Thus, the first stage of the unification of the Bulgarian nation ended in success and the country invested all its efforts in the implementation of the next stage – the liberation of Macedonia, Aegean and Adrianople Thrace. This task, however, was far more complex and difficult to carry out for a number of reasons. The existence of a large Bulgarian state within its natural ethnical borders was not to the liking either of the neighbouring Balkan states, which were afraid of a Bulgarian hegemony on the Balkans, or of the Great Powers which had engineered the Treaty of Berlin and regarded Bulgaria as the bridgehead of Russian penetration of the Mediterranean region. Besides, there was a large Turkish population of the not yet liberated parts of the country. In Macedonia, for instance, the Bulgarians formed two-thirds of the population, whereas the remaining part consisted of Turks, Wallachians and some other minorities. The liberation of Macedonia and the above-mentioned parts of Thrace was also complicated by the near-sighted adventurist policy of the Bulgarian ruling circles and by the lamentable cir-cumstance that the Bulgarian throne was ascended in 1887 by the power-loving, vain and venturesome Austro- Hungarian agent, Ferdinand of Saxe Coburg-Goth a.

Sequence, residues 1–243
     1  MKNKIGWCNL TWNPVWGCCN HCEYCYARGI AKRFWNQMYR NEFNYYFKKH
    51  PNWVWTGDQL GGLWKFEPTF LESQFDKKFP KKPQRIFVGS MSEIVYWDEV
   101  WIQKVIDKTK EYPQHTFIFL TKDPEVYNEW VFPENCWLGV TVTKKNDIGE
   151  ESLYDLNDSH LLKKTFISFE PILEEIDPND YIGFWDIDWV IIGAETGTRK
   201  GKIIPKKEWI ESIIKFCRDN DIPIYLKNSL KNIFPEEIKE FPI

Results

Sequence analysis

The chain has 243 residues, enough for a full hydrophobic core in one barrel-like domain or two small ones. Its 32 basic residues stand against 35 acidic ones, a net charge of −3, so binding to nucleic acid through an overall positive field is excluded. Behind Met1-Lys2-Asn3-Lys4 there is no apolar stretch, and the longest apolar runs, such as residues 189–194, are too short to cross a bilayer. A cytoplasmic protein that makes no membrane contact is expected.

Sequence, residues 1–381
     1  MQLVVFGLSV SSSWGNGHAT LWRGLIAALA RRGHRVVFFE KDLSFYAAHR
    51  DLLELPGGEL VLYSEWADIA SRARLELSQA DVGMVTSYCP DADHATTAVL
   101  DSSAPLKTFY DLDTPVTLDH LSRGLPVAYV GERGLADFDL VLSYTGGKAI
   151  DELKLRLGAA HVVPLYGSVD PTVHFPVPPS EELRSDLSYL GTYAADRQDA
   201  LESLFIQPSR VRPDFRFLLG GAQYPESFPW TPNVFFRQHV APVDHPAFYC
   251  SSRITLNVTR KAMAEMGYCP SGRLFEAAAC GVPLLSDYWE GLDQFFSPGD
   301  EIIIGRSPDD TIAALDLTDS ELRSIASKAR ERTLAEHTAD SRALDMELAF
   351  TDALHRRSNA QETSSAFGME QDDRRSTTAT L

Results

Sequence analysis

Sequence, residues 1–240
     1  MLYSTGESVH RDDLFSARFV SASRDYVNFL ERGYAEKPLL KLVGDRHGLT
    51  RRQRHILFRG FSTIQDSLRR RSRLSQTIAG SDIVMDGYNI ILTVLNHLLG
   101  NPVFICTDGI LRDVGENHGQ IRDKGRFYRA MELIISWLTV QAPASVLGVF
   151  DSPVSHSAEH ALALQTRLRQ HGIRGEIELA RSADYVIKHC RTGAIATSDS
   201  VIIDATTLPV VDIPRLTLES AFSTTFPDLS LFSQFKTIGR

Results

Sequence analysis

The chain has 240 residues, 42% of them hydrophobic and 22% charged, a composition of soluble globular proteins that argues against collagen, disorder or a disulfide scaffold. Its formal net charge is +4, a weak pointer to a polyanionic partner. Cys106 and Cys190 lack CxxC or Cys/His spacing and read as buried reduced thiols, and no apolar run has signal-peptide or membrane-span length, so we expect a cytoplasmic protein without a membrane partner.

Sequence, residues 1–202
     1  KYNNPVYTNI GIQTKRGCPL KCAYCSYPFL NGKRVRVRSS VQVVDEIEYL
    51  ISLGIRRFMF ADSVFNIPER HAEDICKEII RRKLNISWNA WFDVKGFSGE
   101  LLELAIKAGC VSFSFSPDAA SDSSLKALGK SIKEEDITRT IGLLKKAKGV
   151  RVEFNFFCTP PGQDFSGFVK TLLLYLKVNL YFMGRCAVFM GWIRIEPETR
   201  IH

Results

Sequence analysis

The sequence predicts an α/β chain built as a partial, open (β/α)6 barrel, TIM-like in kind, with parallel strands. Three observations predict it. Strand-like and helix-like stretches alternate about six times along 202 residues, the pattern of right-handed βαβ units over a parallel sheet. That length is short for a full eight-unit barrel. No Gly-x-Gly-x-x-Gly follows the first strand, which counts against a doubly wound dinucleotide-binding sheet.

The complicated internal and international conditions in which the liberation movement of Thrace and Macedonia was placed, was reflected on its overall organization and development. The fact that the Bulgarian state could not carry out the unification by force made necessary the appearance of a powerful national- revolutionary organization in the regions still under foreign yoke, an organization which was to prepare the people for a general uprising. Previous experience was extremely helpful in this respect, and the Bulgarian patriots in Thrace and Macedonia availed themselves directly of the traditions of the internal revolutionary organization of the time of Levski, developing it further, of course, in compliance with the concrete actual needs and conditions.
Thus in 1893 Damyan Grouev, Hristo Tatarchev and others laid the foundations in Salonika of the Internal Macedonian and Adrianople Revolutionary Organization. In the following year Gotse Delchev joined the central leadership of the organization and soon became the recognized leader of the national-liberation movement in Macedonia and the Adrianople region. The activities of the organization were guided by the democratic and internationalist ideas of Karavelov, Levski and Botev and the influence of scientific socialism was strongly felt in it. Many of the leaders, with Nikola Karev at the head, were socialists, while Gotse Delchev himself had read socialist literature and had associated with socialists during his study at the Sofia Military School. The founders of the revolutionary organization came from among the people, were alien to bourgeois chauvinism and had republican convictions. That is why they followed their own path and had all the reasons not to trust the Bulgarian monarch and his obedient governments.